R/€ = 14.22
R/$ = 11.16
Au 1240.10 $/oz
Pt 1243.50 $/oz
May 02, 2003
Institute’s main aim is educationBack
Cape Town|DURBAN|Engineering|Johannesburg|Medicine|Africa|Caterpillar|Design|Education|Engen|Environment|Kumba Resources|Resources|SKF|South African Airways|Africa|Europe|South Africa|United Kingdom|United States|Bifsa Convention Park|Engen Grease Plant|Equipment|Large Oil|Oil|South African Institute Of Tribology|Ali Erdemir|Hugh Spikes|Infrastructure|Rob Hodgson|Bearings
© Reuse this The main focus of the South African Institute of Tribology (SAIT) is to provide education for and about the industry, says institute president Rob Hodgson.
SAIT presents a number of courses, including a materials and wear course and a lubrication engineering course, ranging from three to five days.
The institute also presents a one-day introductory course on tribology, for entry-level artisans and technicians.
The longer courses are aimed at middle management and higher, says Hodgson.
These courses are offered at the SAIT offices in Johannesburg, Durban and Cape Town, or the institute will travel to a company to present the courses.
This is done when a company has 20 or more workers able to attend the course.
SAIT also has three to four one-day seminars a year.
The next seminar is planned for July 3, and will focus on fluid contamination control, Hodgson relates.
It will be held at the Bifsa convention park, in Midrand.
Hodgson tells Engineering News that these seminars often attract high-level representatives of foreign companies.
For instance, a representative from Caterpillar in the US attended one of the SAIT seminars to speak about what the company was doing regarding changes in heavy-duty engine design.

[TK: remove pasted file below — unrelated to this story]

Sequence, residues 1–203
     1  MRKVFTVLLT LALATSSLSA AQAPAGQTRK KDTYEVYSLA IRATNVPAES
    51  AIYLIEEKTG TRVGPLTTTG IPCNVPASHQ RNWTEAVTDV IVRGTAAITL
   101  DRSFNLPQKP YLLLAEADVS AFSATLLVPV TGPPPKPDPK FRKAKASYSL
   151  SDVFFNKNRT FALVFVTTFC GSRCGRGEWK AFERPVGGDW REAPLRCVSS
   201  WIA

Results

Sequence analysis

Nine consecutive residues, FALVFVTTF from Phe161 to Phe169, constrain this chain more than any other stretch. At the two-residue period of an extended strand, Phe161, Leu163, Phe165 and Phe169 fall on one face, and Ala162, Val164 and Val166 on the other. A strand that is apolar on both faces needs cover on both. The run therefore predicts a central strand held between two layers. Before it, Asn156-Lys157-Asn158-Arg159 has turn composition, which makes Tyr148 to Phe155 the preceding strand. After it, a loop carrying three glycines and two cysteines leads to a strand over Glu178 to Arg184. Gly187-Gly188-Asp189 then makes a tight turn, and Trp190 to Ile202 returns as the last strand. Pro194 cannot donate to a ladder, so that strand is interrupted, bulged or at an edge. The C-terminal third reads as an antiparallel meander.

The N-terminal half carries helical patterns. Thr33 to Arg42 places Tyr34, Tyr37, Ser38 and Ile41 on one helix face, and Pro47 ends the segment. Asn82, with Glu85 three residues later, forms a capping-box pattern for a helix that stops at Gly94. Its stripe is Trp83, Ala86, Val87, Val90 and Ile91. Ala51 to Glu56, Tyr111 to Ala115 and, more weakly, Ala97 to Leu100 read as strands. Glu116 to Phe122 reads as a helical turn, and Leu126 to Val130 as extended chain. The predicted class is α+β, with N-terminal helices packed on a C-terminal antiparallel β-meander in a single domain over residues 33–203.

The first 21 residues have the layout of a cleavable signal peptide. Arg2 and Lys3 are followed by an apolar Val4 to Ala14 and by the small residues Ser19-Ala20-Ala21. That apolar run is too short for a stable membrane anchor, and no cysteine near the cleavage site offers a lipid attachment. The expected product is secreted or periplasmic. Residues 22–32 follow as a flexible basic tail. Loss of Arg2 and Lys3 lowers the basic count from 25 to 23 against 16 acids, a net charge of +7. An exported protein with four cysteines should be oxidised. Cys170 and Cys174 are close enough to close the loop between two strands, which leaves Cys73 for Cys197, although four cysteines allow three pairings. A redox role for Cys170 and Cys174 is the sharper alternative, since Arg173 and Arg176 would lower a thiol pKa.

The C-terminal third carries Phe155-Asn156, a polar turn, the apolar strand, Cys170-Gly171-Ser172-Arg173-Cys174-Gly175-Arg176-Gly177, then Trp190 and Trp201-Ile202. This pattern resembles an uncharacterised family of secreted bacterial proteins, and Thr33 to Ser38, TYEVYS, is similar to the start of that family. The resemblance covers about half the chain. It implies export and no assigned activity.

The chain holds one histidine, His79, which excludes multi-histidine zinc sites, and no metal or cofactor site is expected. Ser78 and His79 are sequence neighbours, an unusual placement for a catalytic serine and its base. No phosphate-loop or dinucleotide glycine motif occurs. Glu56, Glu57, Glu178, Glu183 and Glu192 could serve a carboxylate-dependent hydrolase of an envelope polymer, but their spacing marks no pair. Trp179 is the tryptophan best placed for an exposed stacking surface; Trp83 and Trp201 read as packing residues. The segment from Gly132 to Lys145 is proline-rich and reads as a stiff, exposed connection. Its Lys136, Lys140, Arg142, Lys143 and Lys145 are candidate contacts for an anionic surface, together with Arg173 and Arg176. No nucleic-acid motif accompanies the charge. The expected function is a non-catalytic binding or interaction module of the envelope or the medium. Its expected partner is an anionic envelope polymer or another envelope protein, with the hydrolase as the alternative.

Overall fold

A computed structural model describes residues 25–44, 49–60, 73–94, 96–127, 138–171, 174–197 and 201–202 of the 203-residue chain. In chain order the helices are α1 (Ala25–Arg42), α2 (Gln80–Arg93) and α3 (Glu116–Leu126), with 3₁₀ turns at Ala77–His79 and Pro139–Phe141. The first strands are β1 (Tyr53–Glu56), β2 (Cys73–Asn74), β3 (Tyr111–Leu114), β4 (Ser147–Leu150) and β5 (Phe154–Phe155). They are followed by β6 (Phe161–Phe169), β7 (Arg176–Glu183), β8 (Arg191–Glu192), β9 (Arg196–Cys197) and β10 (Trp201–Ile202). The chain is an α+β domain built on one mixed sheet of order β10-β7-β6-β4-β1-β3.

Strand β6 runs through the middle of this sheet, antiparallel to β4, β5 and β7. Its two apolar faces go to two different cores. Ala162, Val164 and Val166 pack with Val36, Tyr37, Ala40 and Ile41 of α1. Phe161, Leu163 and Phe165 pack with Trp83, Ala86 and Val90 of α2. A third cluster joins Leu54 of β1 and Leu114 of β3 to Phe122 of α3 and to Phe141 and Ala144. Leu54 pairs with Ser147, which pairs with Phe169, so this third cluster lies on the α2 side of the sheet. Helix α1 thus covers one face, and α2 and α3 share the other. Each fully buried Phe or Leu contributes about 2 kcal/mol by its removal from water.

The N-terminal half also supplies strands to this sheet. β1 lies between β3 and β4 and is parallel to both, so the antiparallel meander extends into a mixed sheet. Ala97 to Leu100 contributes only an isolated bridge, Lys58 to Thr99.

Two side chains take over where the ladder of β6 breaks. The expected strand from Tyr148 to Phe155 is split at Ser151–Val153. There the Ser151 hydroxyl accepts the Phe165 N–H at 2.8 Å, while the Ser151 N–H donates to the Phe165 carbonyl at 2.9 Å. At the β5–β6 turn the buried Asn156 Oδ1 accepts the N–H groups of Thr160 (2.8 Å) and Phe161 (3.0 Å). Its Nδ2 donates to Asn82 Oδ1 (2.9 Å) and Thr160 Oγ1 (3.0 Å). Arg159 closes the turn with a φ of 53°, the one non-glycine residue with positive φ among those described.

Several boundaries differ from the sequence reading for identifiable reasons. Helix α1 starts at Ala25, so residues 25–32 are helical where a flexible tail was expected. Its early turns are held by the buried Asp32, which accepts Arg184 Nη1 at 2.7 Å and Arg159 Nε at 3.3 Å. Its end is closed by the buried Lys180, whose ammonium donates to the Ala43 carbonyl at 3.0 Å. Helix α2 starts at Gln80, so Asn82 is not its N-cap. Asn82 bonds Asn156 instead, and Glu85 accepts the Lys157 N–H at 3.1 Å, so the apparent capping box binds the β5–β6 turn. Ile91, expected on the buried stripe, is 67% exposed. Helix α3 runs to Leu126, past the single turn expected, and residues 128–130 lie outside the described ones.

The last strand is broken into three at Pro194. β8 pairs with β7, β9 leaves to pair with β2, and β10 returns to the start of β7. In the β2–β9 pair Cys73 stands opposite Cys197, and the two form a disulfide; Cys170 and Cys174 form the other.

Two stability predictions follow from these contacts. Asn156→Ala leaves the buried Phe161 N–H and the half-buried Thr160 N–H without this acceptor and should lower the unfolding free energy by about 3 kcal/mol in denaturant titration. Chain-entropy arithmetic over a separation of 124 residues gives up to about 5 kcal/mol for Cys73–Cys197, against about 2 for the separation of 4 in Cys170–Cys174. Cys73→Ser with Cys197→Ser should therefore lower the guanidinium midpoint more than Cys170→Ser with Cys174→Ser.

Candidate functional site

The one-day seminars are aimed at a broad cross-section of the industry.
Hodgson enthuses that these seminars are a mixing pot of ideas, with lecturers and attendees interacting in a more informal environment than that of a formal course.
He says that SAIT also arranges at least two technical trips a year to large oil companies or manufac-turers.
For instance, last year trips were arranged to South African Airways and SKF Bearings, and this year to the Engen grease plant.
The trips are relatively informal and Hodgson believes attendees are more willing to interact and ask questions when out of the corporate environment.
The institute also offers two certificate examinations, a certified lubrication specialist certificate and an oil monitoring analyst certificate.
These are hosted by SAIT for the Society of Tribologists and Lubrication Engineers (STLE), of the US, with whom the SAIT has a working agreement, says Hodgson.
Unfortunately, these are not accredited by the South African Qualifications Authority.
SAIT is currently too small to become an accredited education provider, and does not have the infrastructure.
However, if the members of the institute want the body to become accredited then all effort will be put towards this goal, Hodgson states.
He believes that, on a global scale, South Africa compares favourably in certain respects, and unfavourably in others. For example, Kumba Resources chief tribologist at Sishen Piet Hoffmann was invited to present a paper in Europe that he had first presented in South Africa.
On the other hand, companies are simply not prepared to pay for an expensive oil or high-quality lubricant that will save them money in the long run.
Investing in a good-quality lubricant will save companies money and save downtime when equipment breaks down, says Hodgson.
He tells Engineering News that SAIT has a number of awards for companies in the tribology and lubrication field.
For instance, the organisation has an award for technical achievement, and a lifetime achievement award, known as the Louw Alberts Award, which is presented to a person or company that has made a great contribution to the South African tribology field.
The institute also awards a best technical presentation award.